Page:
When I wrote about how I thought the Blue Jays might navigate these roster decisions, my guess was that Rhiner Cruz, Jake Petricka, Jon Berti, Tyler Clippard, Marco Estrada, Mark Leiter Jr., Yangervis Solarte and Dalton Pompey would be gone by now. While I was right about the first five, the latter three remain on the Blue Jays 40-man. I’m not really sure why.
Like all Jays fans, I’ve long been hopeful that Pompey would be a regular major-leaguer in Toronto, but injury and underperformance has prevented that from ever happening. Back in September, Pompey was the only player on the 40-man not to be called up to Toronto. I think most of us figured that it had something to do with his altercation with Bobby Meacham (his Buffalo Bisons manager) and that it signalled the end of his Blue Jays career. Yet, he remains.
Solarte is another strange case. The team declined his $5.5 million option for 2019, paying him the $800,000 buyout. However, he is still arbitration-eligible, with MLB Trade Rumours projecting his award at $5.9 million. So, it seems like, if they intend to keep him, the club option would have been the cheaper choice (by about $1.2 million). More importantly, I’m not sure there is a good reason to keep him. He was a -1.3 fWAR player in 2018, with a base running effort above replacement of -∞. Plus, the Jays are bursting at the seams with infielders, with even more nearly ready in the upper minors.
Leiter Jr. was a late-season waiver pickup, so fans have zero attachment to him. That said, that doesn’t seem to be the main reason we figured he’d be cut by now. The main reason is that there is nothing to really point to that suggests he has been or will become a useful MLB pitcher. Not in the traditional stats or the regular advanced stats or the Statcast data. I mean, If they really want to keep him, I’m pretty sure they can DFA him, watch him clear waivers and sign him to a minor-league deal.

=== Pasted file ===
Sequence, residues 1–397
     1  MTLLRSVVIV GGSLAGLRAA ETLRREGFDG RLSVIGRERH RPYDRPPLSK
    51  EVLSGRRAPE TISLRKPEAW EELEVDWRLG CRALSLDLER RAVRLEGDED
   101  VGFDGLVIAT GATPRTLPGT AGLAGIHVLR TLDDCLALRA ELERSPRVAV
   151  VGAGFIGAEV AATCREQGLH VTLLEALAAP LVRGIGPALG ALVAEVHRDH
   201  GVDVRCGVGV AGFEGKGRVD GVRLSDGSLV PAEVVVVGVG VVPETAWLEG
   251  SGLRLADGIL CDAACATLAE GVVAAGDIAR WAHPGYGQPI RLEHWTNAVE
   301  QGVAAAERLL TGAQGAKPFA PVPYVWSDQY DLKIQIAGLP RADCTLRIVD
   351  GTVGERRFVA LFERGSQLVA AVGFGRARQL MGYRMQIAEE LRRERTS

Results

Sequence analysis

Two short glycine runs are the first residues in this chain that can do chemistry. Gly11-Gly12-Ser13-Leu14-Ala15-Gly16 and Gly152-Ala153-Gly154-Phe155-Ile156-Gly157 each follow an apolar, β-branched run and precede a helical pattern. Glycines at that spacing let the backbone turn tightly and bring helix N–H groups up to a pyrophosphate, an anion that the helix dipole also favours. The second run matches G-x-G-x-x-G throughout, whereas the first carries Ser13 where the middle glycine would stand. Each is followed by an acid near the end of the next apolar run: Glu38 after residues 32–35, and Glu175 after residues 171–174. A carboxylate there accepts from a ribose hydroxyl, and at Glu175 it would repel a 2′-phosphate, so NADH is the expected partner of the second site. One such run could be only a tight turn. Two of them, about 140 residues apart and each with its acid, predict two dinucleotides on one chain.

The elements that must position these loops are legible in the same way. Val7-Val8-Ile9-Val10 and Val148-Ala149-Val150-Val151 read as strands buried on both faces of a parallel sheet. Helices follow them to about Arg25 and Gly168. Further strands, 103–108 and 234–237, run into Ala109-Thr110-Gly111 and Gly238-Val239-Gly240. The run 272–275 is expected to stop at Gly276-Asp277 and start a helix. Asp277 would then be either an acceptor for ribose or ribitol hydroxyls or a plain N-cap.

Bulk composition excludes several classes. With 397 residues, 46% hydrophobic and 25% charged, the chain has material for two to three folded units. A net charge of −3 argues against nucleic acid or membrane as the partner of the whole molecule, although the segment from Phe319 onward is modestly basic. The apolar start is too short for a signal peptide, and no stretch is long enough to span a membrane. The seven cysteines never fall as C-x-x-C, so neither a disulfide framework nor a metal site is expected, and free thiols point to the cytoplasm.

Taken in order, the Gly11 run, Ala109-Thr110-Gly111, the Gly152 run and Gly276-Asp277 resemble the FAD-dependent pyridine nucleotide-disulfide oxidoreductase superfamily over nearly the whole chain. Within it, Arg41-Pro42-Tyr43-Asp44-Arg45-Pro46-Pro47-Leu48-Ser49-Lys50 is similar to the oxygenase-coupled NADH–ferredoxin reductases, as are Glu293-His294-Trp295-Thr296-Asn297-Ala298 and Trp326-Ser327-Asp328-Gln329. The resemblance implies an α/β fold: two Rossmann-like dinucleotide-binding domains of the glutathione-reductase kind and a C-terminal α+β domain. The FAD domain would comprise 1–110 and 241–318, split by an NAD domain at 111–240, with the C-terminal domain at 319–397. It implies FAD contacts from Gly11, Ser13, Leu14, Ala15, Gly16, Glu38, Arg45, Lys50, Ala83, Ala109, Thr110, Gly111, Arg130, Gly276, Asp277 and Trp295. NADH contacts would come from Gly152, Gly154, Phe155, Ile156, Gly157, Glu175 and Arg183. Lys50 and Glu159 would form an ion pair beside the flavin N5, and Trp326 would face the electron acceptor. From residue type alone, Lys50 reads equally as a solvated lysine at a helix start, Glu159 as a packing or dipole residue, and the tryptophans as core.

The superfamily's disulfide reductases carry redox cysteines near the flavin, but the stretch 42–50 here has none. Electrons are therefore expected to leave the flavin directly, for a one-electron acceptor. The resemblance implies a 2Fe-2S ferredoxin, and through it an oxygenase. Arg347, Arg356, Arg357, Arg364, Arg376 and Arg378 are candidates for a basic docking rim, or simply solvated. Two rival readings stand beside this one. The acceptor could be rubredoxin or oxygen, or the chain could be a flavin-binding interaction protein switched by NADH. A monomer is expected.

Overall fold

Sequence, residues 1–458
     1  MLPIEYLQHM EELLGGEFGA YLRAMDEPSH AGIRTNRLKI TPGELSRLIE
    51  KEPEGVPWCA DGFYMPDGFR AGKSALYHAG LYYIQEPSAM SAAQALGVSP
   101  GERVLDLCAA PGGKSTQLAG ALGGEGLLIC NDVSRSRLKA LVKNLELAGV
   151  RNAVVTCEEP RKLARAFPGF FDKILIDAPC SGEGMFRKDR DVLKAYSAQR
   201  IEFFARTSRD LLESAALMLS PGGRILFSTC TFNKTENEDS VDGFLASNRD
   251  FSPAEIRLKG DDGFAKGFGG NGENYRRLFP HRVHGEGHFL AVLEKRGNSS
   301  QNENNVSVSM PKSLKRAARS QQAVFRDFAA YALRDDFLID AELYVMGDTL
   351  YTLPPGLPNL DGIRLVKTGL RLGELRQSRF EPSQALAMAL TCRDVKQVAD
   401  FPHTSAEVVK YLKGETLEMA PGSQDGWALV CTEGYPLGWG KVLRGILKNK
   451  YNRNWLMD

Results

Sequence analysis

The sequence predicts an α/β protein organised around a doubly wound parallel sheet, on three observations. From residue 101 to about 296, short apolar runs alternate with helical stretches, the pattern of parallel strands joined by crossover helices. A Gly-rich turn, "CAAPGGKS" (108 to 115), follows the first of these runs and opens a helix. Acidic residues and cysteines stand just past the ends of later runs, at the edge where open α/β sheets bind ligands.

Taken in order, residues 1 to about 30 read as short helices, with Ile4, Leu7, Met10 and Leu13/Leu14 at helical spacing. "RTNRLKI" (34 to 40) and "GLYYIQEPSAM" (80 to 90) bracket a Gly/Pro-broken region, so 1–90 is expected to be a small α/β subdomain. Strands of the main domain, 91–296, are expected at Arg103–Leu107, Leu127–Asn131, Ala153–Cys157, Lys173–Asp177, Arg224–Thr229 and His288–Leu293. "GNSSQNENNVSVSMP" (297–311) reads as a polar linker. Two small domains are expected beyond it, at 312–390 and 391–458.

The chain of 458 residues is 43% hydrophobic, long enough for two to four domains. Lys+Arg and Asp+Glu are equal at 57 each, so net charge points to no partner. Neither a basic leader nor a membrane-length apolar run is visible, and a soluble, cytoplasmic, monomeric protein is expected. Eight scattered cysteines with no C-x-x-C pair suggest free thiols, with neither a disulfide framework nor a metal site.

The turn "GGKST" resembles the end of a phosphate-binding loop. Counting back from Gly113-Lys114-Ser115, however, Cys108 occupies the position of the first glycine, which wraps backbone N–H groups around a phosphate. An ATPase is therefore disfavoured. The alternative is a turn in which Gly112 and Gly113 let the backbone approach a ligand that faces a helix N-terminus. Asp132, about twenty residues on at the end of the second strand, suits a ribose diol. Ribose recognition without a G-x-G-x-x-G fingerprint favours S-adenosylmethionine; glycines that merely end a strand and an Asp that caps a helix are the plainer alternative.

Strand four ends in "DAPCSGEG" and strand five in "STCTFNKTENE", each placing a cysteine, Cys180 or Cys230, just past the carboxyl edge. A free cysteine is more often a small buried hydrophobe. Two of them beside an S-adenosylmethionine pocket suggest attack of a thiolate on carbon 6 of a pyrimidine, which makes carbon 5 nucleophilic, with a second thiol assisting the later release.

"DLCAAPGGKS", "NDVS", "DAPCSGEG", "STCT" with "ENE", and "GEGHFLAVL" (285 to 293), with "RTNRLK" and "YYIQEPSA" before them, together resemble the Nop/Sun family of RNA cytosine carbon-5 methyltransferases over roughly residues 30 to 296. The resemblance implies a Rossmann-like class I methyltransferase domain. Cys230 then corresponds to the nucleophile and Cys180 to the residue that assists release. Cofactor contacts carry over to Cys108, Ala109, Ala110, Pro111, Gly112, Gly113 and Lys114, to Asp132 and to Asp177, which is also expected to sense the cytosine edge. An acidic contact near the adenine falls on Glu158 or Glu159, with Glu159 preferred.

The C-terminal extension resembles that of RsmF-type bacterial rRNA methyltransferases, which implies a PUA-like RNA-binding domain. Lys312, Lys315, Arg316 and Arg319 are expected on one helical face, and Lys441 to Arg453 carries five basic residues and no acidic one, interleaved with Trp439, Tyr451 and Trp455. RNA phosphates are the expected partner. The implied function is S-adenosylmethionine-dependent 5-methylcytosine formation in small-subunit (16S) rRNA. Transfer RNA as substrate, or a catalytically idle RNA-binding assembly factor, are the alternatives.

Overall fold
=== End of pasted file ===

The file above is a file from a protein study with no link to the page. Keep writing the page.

While I agree that the five players protected today were the five most in need of protection, I think that Solarte and Leiter Jr. should have been removed to make space for Romano and Bergen. I’m fine with giving Pompey one last shot in 2019, but I also think the alternate move of cutting him and rostering McClelland is very defensible.
Importantly, I’d like to add the caveat that I’m working on less information than the front office. It’s very possible that there are good reasons why they made the choices they did. In general, I agree with them completely, with the exceptions I highlighted above. The obvious guy were added to the 40-man, with a couple of guys with good arguments to have been added ultimately left off. As always, we’ll all be feeling better once the draft comes and goes with our system intact. That said, it’s comforting to remember that tough Rule 5 decisions are the hallmark of any strong system.
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I’m an economics professor in the GTA whose lifelong love for the Jays was reignited by that magical August of 2015 and the amazing moments since.